Young said he will serve out his term and vowed that "I’m going to do the best I can for the next year and three months."
What about his plans after Congress? "I guess I’ve got to get another job," he said with a chuckle. "I’ve served in the Congress but I’ve never made a lot of money. My financial situation isn’t much different than when I came to Congress."
Republican names previously mentioned for his seat include former St. Petersburg Mayor Rick Baker, former Clearwater Mayor Frank Hibbard and Pinellas County commissioners Karen Seel and John Morroni.Young’s son, Bill Young II, has been openly considering running for a St. Petersburg state House seat next year.
Young has served with eight U.S. presidents and has overseen the full House appropriations committee and its defense subcommittee. When Republicans reclaimed the House in 2010, Speaker Boehner granted him a waiver from term limits on leadership posts to control the committee again. He still holds the post.
Young’s health has been an issue and an open question in recent years, issues he attributes to a plane crash in 1970 when he was serving as a state senator.
Young was returning to Tallahassee from a fundraising dinner in St. Petersburg when the small plane he was in went down. Traveling with Young was Tom Slade, who would later lead the state Republican Party, and Slade’s wife of four months, Corkey.
A report in the Evening Independent put it this way:
"The night was foggy and overcast. Visibility was poor. Young sensed something was wrong. Then the plane plunged into a field of small oak trees, about three miles short of the airport but directly on the approach lane."
A fire broke out in the tail section and Slade kicked open the emergency door, jumping out with his wife. Young dove on top of them. The pilot followed.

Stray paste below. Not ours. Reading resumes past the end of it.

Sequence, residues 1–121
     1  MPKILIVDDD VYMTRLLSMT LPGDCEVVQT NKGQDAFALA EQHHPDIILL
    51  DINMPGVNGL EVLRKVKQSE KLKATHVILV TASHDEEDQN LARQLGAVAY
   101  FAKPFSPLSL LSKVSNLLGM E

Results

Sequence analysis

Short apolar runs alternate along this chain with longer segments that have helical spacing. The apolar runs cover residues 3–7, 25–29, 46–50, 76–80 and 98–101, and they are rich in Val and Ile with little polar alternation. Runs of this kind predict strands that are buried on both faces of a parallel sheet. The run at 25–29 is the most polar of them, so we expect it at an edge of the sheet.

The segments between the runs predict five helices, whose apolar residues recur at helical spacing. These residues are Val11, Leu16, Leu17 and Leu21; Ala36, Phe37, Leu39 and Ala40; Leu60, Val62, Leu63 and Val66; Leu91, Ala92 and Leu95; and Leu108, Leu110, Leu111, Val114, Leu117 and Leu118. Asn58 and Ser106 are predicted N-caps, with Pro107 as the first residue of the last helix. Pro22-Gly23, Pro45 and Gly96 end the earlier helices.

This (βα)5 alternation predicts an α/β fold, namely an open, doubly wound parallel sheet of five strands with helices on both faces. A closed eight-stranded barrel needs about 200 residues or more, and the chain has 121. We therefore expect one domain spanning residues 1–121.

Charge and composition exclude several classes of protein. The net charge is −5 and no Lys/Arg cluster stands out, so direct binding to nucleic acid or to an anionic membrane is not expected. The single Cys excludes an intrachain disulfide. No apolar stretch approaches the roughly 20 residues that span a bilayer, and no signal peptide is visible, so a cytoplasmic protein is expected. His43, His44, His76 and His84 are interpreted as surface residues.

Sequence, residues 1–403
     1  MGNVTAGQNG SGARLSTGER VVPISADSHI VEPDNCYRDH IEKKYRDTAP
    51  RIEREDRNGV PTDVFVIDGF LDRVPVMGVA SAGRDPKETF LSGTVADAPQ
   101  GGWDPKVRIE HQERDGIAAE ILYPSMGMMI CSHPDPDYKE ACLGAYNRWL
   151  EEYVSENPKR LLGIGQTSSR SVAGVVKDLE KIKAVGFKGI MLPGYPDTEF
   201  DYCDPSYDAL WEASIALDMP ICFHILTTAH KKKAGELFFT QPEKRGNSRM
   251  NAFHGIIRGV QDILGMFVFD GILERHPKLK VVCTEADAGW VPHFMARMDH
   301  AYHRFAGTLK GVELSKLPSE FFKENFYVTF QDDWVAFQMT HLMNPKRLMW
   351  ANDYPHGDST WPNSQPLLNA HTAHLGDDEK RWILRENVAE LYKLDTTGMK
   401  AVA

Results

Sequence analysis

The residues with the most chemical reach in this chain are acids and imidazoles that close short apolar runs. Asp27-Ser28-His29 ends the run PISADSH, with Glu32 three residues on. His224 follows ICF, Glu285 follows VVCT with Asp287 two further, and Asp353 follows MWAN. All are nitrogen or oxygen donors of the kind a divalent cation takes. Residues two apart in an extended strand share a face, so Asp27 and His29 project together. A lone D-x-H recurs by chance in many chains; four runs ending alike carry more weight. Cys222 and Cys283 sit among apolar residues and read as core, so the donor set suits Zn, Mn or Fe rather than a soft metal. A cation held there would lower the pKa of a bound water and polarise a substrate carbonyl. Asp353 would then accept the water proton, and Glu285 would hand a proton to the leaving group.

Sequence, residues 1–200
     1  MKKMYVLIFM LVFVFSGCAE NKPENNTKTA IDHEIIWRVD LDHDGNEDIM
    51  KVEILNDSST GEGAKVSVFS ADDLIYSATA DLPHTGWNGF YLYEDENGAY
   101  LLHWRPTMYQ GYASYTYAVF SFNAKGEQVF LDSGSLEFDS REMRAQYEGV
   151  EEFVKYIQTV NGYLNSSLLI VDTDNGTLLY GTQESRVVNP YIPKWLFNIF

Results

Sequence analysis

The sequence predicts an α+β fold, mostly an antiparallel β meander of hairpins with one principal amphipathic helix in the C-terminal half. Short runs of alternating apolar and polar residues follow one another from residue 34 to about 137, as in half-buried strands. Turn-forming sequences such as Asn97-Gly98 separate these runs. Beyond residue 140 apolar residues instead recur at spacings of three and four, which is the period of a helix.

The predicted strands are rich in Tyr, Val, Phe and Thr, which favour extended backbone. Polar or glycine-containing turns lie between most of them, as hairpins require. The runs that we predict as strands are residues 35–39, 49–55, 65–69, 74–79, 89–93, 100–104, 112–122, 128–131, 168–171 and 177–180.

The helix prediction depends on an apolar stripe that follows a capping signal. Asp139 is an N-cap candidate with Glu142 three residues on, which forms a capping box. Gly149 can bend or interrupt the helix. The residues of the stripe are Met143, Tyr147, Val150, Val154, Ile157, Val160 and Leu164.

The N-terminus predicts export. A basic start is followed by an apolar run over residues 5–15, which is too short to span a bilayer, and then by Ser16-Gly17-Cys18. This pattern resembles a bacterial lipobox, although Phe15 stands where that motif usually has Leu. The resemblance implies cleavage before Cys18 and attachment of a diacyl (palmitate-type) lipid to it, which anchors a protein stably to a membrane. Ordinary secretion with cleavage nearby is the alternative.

Then the plane exploded.
Badly hurt, Young went to his vacation home in the hills of North Carolina to recover. He fashioned the cane out of the root of a dogwood tree. Young was elected to Congress that November (1970) and he later lent the cane to Gerald Ford, then a congressman from Michigan, who used it when he had a hip replacement.
"He was walking with a puny little cane and I said, ‘Jerry, use mine,’" Young recalled in a 2011 interview with the Times.
Young, who had taken to carrying the cane again, had long overdue back surgery in summer 2011 and was dropped on the hospital floor in a follow-up visit, extending his rehabilitation.
Young, a long and passionate advocate for the military, made national news a year ago this month when he came out against the war in Afghanistan. His change of heart was triggered by the death of U.S. Army Staff Sgt. Matthew Sitton, who was killed with another paratrooper by an improved explosive device, or IED. The episode chilled Young because months earlier Sitton had emailed the lawmaker seeking help.
"As a brigade, we are averaging at a minimum an amputee a day from our soldiers because we are walking around aimlessly through grape rows and compounds that are littered with explosives," Sitton wrote. "The morale and alertness levels on our patrols are low and it is causing casualties left and right. … I am all for getting on the ground and fighting for my country when I know there is a desired end state and we have clear guidance of what needs to be done. But when we are told basically to just go walk around for a certain amount of time is not sitting well with me."
Young said he wants the troops to come home immediately, a dramatic departure not only from his past views but also from the views of most Republican leaders.
"I can’t find a whole lot right about what’s happening in Afghanistan," Young said during a 2012 congressional hearing in which he read Sitton’s email.
Young’s control of the congressional purse gave him influence with top military leaders and he was not afraid to use it — in ways large and small. Last year, Young and his wife Beverly took up the cause of a Marine Corps gunnery sergeant whose legs had been blown off by a roadside bomb in Afghanistan. The young man had been stationed in Okinawa before going to Afghanistan, and he was still being charged for his living quarters there as well as for temporary housing in Maryland.
"We raised a little bit of a fuss," Young told the Times at the time, smiling.